The common definition of vegan is one who abstains from eating, wearing, using, or otherwise consuming animal products and by-products, so it is immediately clear that someone who identifies as vegan does not eat meat, eggs, or dairy. Honey, however, is often forgotten, and is also widely debated in vegan circles. I will admit that honey didn’t automatically occur to me when I first went vegan four years ago–but after I did my research, I decided to eliminate it from my diet. Admittedly, it is probably the ingredient I am most lax on (if I accidentally consume beer, for example, that I find out later contained honey, I feel guilty but not ill over it). I do, however, feel ill over colony collapse.
In 2006, Colony Collapse Disorder (CCD) started wiping out honey bees in alarming quantities. Colony Collapse Disorder occurs when worker bees abandon their colony and leave behind their queen. This phenomena startled scientists and beekeepers as few dead bees are found near the hive, and reserves of both honey and pollen remain. There are a few suspected causes of CCD – among them increased pests, new disease, pesticide, climate change, and stress from transportation.
Honey bees are critical to bountiful harvest, contributing upwards of $14 billion to the value of U.S. crops alone. When bees gather nectar and pollen, they provide the very important service of pollinating the very plants we harvest and eat. It is estimated that two-thirds of the country’s colonies travel the U.S. annually pollinating crops, and in California alone, one million colonies are used to pollinate the state’s almond crops.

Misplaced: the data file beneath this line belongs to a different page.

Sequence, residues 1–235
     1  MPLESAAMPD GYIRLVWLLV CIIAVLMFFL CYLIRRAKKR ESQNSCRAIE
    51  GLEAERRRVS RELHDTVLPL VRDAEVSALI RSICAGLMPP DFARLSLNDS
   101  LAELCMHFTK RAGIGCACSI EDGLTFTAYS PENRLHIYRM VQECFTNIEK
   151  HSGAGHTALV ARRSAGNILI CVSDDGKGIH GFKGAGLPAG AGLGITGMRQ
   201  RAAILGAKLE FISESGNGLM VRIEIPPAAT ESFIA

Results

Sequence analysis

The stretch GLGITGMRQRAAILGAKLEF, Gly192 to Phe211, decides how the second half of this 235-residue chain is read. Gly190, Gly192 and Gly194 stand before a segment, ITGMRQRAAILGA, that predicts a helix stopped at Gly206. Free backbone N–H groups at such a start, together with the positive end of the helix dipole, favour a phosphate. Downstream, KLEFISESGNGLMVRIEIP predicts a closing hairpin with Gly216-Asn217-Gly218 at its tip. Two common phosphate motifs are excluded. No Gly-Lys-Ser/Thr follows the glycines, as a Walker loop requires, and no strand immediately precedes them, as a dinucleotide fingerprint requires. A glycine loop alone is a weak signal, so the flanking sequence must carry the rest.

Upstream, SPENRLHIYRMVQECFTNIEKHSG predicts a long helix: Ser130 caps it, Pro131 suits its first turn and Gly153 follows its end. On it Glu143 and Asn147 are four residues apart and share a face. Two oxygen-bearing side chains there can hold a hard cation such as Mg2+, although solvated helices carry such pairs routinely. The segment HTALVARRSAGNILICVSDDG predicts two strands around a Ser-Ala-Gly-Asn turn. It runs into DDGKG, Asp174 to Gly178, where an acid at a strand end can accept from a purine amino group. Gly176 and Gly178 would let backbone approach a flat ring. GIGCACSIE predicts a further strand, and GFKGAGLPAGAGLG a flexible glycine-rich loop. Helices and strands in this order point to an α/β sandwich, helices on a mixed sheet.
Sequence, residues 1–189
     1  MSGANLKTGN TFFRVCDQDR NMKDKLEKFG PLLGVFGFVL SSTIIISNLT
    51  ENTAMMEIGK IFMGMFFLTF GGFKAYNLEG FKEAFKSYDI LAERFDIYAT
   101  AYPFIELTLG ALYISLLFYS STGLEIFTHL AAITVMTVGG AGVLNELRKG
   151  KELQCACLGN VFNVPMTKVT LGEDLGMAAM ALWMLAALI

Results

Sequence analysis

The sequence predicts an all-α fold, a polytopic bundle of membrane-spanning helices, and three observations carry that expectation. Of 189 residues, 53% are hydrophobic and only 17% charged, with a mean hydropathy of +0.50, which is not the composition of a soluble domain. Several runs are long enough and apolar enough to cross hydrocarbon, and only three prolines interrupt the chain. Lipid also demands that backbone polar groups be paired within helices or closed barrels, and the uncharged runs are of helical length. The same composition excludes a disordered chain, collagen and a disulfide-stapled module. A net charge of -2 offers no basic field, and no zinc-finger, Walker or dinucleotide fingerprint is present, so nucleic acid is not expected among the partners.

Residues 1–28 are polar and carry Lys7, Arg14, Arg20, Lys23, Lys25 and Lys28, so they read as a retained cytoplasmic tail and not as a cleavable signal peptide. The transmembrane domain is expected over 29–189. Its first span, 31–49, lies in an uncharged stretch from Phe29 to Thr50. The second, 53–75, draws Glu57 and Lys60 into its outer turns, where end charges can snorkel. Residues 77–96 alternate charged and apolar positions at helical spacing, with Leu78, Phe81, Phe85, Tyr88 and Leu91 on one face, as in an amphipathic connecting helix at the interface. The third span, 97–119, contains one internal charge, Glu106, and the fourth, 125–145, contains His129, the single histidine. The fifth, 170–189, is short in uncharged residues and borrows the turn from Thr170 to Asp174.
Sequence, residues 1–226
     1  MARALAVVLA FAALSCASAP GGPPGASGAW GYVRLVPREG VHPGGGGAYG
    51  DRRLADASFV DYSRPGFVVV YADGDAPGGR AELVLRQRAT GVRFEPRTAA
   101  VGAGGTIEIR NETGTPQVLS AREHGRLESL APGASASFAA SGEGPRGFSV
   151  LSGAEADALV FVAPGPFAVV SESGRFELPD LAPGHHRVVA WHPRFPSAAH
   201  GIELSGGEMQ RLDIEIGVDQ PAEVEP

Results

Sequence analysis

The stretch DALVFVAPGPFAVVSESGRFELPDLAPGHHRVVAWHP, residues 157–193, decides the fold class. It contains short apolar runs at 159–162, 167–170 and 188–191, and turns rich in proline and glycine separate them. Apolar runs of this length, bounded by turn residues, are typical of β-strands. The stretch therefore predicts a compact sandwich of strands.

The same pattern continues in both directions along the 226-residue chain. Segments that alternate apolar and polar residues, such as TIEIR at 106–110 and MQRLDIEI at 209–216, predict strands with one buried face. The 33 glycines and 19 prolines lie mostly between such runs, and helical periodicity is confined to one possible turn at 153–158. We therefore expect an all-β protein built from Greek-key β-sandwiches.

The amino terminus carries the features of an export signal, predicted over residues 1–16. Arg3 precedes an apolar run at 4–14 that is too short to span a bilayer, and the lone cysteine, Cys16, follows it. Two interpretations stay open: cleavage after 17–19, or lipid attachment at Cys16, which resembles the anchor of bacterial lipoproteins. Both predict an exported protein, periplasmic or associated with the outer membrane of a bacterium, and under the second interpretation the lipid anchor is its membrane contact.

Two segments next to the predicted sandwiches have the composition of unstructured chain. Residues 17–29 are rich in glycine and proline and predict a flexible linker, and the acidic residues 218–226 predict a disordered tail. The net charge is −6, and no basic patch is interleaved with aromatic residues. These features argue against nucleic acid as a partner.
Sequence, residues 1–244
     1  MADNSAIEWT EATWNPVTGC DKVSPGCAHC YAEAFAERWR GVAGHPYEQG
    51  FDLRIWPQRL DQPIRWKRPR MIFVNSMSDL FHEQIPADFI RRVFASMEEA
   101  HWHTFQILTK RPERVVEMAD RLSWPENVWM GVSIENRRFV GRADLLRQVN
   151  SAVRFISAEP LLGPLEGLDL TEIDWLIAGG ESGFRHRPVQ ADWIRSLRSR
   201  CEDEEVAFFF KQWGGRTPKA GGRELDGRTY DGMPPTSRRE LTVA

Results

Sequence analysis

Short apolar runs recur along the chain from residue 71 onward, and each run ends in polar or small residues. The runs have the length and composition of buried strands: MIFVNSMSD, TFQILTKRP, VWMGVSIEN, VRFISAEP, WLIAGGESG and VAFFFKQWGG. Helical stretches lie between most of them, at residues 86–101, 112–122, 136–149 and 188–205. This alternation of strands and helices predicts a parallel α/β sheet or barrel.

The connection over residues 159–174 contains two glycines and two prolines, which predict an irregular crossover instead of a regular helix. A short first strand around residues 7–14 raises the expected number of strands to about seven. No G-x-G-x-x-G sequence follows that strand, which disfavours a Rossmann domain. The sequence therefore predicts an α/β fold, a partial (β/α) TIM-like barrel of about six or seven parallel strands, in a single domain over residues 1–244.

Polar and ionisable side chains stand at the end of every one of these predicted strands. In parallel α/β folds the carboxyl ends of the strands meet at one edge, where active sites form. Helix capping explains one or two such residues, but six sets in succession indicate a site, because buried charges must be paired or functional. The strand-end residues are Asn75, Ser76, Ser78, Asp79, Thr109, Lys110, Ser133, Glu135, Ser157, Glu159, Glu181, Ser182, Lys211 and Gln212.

Though CCD numbers have been improving, honey bees are still at risk, and thus, so is our food (and the food we feed our livestock). There are a few great alternatives to honey as well, such as maple syrup and agave syrup. Both options provide similar textures and sweetness, and can be used in many recipes that traditionally call for honey. There are great alternatives to the beeswax traditionally used in candles, as well. Soy candles, anyone? And, as someone who suffers from year-round allergies, it’s not long after a sneezing fit hits before the suggestions roll in to consume local, organic honey to keep the seasonal allergies at bay. Fortunately, this myth has largely been debunked.
I’ve found a great resource that explains the ins and outs of the honey cultivation process and explores the Great Honey Debate in detail, for those who are interested.
As with everything, I recommend educating yourself fully on the practices used to obtain and create the food with which you nourish your body. Be good to your body–it’s the best tool you’ll ever have, and you only get one.